Meet Governor and June - Radley Elementary Schools facility dogs

Governor laying down in class
Posted at 9:14 AM, Apr 11, 2024
and last updated 2024-04-12 12:34:00-04

HELENA — When Radley students are having a "ruff" time, they can visit two of the school's hardest workers with four legs.

"He's magical," said Jace Bullen, a 3rd-grade student at Radley Elementary School.


Governor was brought to the school in 2016 by Vashti Teders, a special education teacher.

She said, "The big goal for those dogs is to regulate [the students] brain state. We want them in what we call the green brain state where they can work through problems."

After speaking with various experts, Teder said that the dogs needed to be pure breeds with a lineage of therapy and service, have a soft temperament, and be light in color so as not to intimidate the students.

June going for a walk

Bullen has autism, which Teder says the dogs can help with.

The dogs can also benefit students with seizure disorders, trauma, and anxiety.

Madison King-Schedel, a 4th-grade student at Radley Elementary School, said, "She kind of brings my stress level down, and it's nice to just be with her, pet her, and snuggle with her."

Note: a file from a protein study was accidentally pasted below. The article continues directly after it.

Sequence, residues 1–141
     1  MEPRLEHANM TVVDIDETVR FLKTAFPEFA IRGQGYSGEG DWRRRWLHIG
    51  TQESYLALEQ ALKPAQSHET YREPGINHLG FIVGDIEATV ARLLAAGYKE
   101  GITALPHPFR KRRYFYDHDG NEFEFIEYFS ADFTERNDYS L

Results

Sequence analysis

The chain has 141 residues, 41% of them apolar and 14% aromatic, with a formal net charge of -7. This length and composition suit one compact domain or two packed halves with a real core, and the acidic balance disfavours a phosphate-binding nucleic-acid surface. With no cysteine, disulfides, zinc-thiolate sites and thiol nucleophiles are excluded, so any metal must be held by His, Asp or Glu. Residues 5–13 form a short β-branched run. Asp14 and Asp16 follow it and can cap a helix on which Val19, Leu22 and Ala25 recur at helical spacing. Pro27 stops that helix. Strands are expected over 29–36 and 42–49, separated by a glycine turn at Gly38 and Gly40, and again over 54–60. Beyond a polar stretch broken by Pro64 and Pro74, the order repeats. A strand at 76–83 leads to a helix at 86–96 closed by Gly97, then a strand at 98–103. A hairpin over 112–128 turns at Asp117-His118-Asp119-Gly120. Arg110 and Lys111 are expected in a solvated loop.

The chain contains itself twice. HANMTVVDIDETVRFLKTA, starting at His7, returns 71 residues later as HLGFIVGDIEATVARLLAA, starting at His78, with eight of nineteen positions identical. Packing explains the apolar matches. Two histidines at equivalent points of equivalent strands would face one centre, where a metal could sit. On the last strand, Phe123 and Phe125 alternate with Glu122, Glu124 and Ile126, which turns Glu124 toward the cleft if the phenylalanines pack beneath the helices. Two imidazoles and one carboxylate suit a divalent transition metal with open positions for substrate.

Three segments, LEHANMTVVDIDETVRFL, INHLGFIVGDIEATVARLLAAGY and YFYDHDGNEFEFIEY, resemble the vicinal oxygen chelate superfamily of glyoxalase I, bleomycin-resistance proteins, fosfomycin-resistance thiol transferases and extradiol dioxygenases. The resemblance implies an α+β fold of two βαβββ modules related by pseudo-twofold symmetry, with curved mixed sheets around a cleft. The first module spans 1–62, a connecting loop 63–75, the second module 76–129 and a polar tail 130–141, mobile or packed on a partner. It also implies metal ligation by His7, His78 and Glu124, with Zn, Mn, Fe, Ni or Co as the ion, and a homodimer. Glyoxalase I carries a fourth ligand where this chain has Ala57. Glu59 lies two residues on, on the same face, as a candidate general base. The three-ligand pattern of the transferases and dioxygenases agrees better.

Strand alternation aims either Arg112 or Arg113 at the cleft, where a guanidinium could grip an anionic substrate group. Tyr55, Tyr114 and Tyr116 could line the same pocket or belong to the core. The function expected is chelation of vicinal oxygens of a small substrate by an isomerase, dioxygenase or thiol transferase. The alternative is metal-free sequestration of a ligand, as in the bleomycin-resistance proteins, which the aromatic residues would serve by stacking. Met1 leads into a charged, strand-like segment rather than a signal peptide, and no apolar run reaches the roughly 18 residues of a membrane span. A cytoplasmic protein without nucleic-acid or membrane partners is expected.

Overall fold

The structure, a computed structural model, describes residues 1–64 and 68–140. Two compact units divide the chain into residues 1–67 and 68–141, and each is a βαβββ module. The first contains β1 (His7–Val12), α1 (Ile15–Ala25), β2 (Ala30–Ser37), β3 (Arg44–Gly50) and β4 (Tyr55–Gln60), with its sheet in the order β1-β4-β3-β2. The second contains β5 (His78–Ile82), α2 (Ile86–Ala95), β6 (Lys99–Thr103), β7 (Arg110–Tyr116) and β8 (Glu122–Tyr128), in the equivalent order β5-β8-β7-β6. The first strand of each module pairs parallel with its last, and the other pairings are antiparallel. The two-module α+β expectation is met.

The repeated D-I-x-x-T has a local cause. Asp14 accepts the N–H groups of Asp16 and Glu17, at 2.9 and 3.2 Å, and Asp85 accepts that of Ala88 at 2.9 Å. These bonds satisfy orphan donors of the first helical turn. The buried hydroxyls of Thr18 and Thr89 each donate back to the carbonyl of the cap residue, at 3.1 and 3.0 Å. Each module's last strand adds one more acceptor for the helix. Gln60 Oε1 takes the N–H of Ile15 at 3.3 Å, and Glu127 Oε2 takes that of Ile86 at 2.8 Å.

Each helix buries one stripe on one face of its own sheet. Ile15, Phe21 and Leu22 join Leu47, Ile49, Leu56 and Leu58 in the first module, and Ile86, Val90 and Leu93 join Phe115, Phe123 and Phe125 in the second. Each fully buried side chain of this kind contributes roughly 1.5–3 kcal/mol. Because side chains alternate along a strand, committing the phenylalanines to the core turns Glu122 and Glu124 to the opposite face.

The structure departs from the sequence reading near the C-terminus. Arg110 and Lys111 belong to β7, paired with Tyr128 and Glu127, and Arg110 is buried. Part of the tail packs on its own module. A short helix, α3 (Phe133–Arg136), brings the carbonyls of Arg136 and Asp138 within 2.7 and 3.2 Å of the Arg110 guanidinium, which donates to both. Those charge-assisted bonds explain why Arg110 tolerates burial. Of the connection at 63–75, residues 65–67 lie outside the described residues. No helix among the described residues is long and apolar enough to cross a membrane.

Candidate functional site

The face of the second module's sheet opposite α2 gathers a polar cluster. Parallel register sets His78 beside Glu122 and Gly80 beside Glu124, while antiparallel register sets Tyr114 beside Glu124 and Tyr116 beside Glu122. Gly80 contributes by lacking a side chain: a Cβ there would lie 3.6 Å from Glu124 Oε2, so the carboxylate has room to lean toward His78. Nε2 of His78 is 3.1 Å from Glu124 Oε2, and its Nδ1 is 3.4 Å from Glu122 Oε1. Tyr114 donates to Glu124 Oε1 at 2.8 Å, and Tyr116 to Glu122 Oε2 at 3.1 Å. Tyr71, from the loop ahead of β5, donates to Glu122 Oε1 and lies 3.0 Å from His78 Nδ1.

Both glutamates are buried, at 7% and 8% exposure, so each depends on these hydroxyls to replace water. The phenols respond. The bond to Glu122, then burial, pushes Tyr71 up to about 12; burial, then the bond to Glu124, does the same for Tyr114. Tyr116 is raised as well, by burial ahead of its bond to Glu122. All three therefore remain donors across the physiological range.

June laying down

The dogs are also a motivator for students to go to school.

"I was like, 'I don't want to go to school,' but it gave me a reason...[to be] excited for this...because we have dogs here that can help, and it's fun to have them," King-Schedel.

Another third grade teacher, Jennifer Scoles, brought June to Radley last year.


June is still in training but attends school every day that she can.

Scoles said, "She figured out she could do it. She could be here and deal with sounds and all of those things. So, it's a treat."

June laying by student

Teder and Scoles pay for the dogs' needs, such as food, vet visits, grooming, and training.

Since the dogs mainly work with students who have mental disabilities, they have been trained to deal with things being thrown and not bite when a student is upset.

So far, there have been no problems with the students or the dogs being harmed.

Both teachers plan to continue the program, even after June and Governor retire.